The Republican party: An alliance of madness and greed.

          by jem6x on Thu Mar 09, 2006 at 12:27:14 PM PST

          [ Parent ]

          •  well (none)
            I mean, to me it's both.  The master-cide story is obscured by the double meaning.

            From Time magazine, 9/24/45:

            According to Carl Sandburg, it was one of Abe Lincoln's favorite songs. Nobody knows who wrote it, but its words got into print in 1848, in the Ethiopian Glee Book.

          •  Yes, but (none)
            it was the slave's duty to keep the blue tail flies from biting the horse. At least indirectly the death was due to the slave's failure to perform his duty. Who's to say he didn't go a little farther than neglecting to swat a particulary blue and shiny fly.

            I've often thought there must be a million stories that could be told about slaves and their ability to subtly or not so subtly sabotage their "owners." Simply neglecting to point out problems or dangers could be very destructive.  

      •  They left out a good bit in elementary (4.00)
        I took 'crack corn' in the most literal sense.

        It wasn't til much, much later that I realized that 'cracking' could refer to distillation...of alcohol.  So Jimmy could have been cooking up a mess of celebratory hooch!  

        We must never lose it, or sell it, or give it away. We must never let them take it from us.

        by Fabian on Thu Mar 09, 2006 at 12:23:25 PM PST

        [ Parent ]

        •  and I've read (none)
          that the "crack corn" part was related to the term some find offensive for some Floridians (although many I've met call themselves this): Florida crackers. In other words, what I've heard is that "crackers" got the nickname from eating hard corn while working in the fields, thus cracking it with their teeth.
          •  I hope it was parch corn! (none)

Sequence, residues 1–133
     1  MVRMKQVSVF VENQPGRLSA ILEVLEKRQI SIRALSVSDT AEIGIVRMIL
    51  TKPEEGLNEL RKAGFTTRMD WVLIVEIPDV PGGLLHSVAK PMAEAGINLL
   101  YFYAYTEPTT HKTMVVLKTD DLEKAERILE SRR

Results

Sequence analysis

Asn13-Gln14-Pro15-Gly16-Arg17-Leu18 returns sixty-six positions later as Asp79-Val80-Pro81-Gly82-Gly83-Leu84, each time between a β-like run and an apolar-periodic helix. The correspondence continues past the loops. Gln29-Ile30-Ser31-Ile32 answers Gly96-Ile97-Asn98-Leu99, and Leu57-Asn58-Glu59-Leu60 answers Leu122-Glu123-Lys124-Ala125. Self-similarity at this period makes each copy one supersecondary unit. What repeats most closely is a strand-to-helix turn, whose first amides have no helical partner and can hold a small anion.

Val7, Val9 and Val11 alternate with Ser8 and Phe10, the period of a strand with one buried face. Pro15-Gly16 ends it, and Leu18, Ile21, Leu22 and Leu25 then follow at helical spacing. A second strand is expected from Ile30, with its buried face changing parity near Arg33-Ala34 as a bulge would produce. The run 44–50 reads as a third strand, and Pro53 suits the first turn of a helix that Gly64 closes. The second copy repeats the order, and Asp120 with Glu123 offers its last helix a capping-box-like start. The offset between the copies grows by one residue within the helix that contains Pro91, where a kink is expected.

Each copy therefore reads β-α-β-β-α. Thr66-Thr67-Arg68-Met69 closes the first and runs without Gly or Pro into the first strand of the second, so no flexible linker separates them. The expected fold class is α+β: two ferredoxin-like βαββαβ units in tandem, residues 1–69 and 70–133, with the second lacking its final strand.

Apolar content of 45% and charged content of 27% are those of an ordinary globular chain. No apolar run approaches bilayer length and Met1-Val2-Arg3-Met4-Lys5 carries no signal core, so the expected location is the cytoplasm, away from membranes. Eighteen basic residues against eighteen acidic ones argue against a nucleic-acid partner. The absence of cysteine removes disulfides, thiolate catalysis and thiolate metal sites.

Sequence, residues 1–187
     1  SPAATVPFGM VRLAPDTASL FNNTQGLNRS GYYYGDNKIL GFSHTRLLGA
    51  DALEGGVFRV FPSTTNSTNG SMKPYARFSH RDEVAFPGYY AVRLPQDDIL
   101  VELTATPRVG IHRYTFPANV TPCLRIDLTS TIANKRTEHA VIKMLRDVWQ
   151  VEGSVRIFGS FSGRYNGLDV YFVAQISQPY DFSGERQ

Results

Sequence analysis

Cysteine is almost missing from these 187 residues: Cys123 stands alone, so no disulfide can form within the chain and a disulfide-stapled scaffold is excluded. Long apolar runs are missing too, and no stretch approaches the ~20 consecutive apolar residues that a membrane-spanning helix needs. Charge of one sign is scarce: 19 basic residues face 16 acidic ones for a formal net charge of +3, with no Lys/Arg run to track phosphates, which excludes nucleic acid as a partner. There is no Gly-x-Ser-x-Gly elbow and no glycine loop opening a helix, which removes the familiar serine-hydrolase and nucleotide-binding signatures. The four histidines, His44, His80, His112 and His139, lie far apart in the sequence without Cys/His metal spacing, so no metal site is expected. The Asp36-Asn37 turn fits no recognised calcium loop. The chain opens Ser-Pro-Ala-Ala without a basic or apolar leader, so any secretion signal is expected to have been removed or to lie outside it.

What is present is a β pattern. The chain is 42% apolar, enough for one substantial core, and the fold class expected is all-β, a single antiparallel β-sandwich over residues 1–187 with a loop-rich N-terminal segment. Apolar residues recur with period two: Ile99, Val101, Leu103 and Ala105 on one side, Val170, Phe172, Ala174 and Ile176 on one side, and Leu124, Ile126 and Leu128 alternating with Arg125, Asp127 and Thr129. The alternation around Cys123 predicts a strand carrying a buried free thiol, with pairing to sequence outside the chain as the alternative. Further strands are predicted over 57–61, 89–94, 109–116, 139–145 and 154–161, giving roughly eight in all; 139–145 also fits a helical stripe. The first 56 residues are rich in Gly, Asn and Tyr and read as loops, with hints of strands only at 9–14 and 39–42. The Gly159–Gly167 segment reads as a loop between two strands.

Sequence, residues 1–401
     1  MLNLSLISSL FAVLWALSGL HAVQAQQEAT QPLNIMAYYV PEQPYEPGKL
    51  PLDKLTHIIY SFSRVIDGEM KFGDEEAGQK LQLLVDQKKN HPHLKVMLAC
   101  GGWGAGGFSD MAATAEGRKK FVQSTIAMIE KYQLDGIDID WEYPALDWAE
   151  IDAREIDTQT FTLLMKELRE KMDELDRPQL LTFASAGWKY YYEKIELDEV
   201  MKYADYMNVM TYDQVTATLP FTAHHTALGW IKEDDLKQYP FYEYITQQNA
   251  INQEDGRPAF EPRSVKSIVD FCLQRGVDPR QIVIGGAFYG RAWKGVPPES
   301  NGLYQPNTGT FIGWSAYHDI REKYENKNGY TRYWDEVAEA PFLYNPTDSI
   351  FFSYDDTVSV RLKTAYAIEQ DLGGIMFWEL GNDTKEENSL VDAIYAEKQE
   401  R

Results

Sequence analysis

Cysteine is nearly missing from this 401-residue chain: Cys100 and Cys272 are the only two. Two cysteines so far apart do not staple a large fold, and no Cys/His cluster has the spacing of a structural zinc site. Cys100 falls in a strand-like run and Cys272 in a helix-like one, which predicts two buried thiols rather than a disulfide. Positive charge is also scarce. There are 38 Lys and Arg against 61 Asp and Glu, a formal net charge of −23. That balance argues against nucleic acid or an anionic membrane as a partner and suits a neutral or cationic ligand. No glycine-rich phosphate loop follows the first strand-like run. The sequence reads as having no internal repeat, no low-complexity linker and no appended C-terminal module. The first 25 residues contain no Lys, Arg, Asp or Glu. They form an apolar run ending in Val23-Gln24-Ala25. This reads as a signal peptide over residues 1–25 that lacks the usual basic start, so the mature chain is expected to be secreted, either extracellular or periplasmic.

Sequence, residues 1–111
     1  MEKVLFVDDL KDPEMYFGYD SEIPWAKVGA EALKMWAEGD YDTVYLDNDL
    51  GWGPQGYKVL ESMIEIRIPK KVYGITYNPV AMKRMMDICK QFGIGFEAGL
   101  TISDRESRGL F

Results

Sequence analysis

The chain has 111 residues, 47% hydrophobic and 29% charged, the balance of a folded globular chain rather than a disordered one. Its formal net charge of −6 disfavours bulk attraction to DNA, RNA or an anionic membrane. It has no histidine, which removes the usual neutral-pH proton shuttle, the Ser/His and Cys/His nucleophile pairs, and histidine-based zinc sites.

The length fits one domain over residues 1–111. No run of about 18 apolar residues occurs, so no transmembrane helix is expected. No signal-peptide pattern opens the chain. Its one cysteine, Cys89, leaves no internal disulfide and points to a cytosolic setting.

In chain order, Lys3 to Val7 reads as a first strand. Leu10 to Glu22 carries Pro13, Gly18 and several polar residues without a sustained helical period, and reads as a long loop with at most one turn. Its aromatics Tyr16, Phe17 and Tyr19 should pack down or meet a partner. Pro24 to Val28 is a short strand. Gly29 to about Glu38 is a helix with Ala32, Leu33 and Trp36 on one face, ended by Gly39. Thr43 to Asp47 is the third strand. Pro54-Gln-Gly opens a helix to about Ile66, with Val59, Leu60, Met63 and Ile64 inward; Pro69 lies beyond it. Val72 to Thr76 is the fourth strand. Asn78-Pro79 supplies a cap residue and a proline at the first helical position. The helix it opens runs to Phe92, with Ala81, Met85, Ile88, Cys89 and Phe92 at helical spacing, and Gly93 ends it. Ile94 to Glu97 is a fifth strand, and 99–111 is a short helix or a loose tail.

That's be easier on the teeth.

            You know the natives were pretty smart when by the time the white man showed up, they had not only bred teosinte into something highly productive but had different strains for: parch corn, popcorn, corn for meal, corn for flour.  They may have had sweet corn as well, but that would have to be a seasonal luxury.

            We must never lose it, or sell it, or give it away. We must never let them take it from us.

            by Fabian on Thu Mar 09, 2006 at 12:49:32 PM PST

            [ Parent ]

          •  Florida crackers (none)
            The term "cracker" as applied to Florida country folk was a reference to the bull whips of Central Florida cattle drovers of the post Civil War period.  These "whip crackers" were Florida's cowboys, famous for being lawless and troublesome to everyone--especially to free blacks trying to homestead. . .

            It is easy for non-Floridians to miss that Florida
            was predominantly poor and predominantly agricultural until the last few decades.  

            •  My 2 cents. (none)
              As a third generation Floridian, I have to comment on the origin of the term Cracker. Here is a site that adds some weight to some of the above comments.